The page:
Numerous studies have quantified the developmental responses of wheat to vernalization, but its response compared to a weedy relative, jointed goatgrass, remains relatively unknown. Six paired jointed goatgrass collections gathered from Washington and Oregon fields, and winter and spring wheat, were grown in field studies to quantify yield and germination in response to vernalization. Monthly planting dates initiated in October and concluded in March were used to vary the vernalization durations for plants sown at three Oregon locations (Corvallis, Moro, and Pendleton) over two growing seasons. Minimum vernalization requirements to produce reproductive spikes were similar among plants of six jointed goatgrass collections. Jointed goatgrass collections grown at Corvallis required a minimum of 89 and 78 vernalization days (January 17, 2003 and January 22, 2004 sowing, respectively) to produce reproductive spikes, and plants grown at Moro required 60 vernalization days (March 3 and February 23) in both years, and 48 and 44 vernalization days (March 3 and February 24) were required by plants to produce spikes at Pendleton. Jointed goatgrass spikelet and winter wheat seed yield were positively influenced by vernalization days, experiment location, and year. The strength of the interactions among these main effects differed among jointed goatgrass collections and winter wheat. The effects of vernalization on jointed goatgrass yields and seed quality were more pronounced at Pendleton, OR, a location where jointed goatgrass has adapted, compared to Corvallis, OR, where it has not adapted. The minimum vernalization days required to produce germinable seed differed among jointed goatgrass collections, winter and spring wheat. There was not a selection of spring-adapted jointed goatgrass populations in the populations tested. Yet if spring temperatures are cool, minimum conditions for vernalization may be satisfied, and the benefits of planting spring crops to control jointed goatgrass would be reduced.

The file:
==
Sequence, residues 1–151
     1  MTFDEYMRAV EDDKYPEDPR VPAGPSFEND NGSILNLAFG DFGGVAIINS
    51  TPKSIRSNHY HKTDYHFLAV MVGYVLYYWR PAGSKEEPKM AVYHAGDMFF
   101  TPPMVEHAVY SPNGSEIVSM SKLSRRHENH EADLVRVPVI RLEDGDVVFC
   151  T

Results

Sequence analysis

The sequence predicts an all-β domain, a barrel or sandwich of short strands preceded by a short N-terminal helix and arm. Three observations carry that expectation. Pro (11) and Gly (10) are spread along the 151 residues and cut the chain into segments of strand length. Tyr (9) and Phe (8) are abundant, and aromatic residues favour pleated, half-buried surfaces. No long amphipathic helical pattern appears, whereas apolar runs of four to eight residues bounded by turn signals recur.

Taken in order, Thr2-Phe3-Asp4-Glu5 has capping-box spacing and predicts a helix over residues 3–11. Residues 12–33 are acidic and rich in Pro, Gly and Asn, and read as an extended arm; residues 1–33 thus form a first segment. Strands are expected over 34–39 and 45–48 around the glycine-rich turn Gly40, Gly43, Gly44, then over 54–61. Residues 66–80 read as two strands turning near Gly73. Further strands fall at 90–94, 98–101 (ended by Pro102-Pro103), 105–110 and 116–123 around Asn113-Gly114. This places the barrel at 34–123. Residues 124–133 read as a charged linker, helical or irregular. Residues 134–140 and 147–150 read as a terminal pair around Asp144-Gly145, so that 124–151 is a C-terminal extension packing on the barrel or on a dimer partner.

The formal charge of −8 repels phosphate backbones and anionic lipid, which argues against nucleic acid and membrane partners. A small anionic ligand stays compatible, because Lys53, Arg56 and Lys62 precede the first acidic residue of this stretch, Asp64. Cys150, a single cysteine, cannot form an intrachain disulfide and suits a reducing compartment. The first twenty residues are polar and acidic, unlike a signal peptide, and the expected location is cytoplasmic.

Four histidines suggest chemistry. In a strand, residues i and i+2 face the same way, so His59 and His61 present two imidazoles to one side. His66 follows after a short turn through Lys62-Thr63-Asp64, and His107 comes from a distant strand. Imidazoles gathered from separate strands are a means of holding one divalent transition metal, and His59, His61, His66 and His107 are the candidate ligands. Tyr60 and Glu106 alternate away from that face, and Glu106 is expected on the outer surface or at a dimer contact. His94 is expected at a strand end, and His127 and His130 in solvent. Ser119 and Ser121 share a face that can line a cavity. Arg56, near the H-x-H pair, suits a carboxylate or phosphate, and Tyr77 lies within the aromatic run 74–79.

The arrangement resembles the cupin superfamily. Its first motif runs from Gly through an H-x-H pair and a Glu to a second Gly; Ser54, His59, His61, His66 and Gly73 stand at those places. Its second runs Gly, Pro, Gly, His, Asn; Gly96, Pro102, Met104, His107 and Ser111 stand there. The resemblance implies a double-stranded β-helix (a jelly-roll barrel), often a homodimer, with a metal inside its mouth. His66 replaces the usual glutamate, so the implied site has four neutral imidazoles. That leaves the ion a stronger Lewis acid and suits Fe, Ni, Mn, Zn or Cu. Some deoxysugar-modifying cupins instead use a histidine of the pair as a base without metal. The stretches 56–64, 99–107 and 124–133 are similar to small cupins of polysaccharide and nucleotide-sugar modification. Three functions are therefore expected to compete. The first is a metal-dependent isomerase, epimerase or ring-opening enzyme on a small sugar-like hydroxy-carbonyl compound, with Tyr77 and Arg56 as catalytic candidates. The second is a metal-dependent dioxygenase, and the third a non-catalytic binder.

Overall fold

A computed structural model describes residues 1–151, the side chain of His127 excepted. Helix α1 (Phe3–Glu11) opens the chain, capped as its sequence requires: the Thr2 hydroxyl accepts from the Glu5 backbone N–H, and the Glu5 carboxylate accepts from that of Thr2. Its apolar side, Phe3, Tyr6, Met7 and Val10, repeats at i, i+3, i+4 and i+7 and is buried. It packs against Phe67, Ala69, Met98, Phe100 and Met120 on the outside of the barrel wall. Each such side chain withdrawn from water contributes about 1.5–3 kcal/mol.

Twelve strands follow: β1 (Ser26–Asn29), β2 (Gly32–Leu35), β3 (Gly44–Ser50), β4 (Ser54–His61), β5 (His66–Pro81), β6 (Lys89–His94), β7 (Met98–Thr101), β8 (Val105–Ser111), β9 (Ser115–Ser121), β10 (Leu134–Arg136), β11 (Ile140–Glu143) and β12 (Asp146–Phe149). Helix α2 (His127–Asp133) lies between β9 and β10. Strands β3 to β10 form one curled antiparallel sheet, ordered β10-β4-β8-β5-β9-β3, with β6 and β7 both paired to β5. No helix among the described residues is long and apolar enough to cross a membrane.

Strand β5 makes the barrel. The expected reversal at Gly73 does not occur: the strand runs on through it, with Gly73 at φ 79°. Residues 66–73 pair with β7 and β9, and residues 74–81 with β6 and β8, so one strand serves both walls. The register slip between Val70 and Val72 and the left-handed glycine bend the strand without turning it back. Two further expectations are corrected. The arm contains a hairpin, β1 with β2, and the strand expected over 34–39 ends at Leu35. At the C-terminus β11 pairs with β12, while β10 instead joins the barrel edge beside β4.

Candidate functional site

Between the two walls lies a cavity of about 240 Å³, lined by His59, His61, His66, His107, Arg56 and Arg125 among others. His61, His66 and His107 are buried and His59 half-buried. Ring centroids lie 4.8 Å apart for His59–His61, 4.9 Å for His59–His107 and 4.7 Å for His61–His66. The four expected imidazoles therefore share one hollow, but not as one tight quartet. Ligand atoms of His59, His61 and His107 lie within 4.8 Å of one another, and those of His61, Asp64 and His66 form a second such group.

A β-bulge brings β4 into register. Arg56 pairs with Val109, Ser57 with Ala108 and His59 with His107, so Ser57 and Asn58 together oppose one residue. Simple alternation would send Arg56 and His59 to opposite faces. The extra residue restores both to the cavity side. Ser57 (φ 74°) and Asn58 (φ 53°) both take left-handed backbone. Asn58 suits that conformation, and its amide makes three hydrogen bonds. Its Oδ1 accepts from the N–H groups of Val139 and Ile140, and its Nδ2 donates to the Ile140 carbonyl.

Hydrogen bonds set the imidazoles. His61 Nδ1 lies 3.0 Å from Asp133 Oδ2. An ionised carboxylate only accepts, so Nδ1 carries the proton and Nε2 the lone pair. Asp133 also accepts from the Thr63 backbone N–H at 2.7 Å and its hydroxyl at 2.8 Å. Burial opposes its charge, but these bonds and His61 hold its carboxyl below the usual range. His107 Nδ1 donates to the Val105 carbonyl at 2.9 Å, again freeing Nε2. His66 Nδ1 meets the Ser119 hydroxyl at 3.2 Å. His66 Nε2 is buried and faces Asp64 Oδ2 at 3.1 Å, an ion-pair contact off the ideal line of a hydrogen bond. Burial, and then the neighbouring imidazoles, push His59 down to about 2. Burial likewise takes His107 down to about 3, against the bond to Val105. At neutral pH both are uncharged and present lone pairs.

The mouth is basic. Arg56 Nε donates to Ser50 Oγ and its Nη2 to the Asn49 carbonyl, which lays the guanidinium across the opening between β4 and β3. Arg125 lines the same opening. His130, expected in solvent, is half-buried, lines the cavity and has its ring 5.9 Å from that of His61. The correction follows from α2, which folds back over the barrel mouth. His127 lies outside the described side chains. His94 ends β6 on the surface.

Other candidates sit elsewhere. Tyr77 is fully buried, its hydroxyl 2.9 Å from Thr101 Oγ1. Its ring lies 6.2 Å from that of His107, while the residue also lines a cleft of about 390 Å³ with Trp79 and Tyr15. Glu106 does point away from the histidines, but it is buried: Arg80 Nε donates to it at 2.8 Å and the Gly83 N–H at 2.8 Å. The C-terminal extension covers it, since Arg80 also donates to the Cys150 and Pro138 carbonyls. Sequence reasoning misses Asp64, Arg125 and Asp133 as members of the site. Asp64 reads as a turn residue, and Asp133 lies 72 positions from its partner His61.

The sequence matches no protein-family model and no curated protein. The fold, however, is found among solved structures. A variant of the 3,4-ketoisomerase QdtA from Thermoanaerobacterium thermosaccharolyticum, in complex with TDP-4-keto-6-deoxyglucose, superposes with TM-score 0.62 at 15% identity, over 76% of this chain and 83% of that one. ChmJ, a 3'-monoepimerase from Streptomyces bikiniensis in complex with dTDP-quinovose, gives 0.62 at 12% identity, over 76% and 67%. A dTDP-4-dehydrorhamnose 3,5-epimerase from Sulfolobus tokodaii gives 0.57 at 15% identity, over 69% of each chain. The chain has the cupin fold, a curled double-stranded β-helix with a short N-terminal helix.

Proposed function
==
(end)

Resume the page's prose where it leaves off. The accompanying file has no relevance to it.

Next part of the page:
Nomenclature: Jointed goatgrass, Aegilops cylindrica Host AEGCY; winter wheat, Triticum aestivum L. ‘Madsen’; spring wheat, Triticum aestivum L., ‘Penawawa.’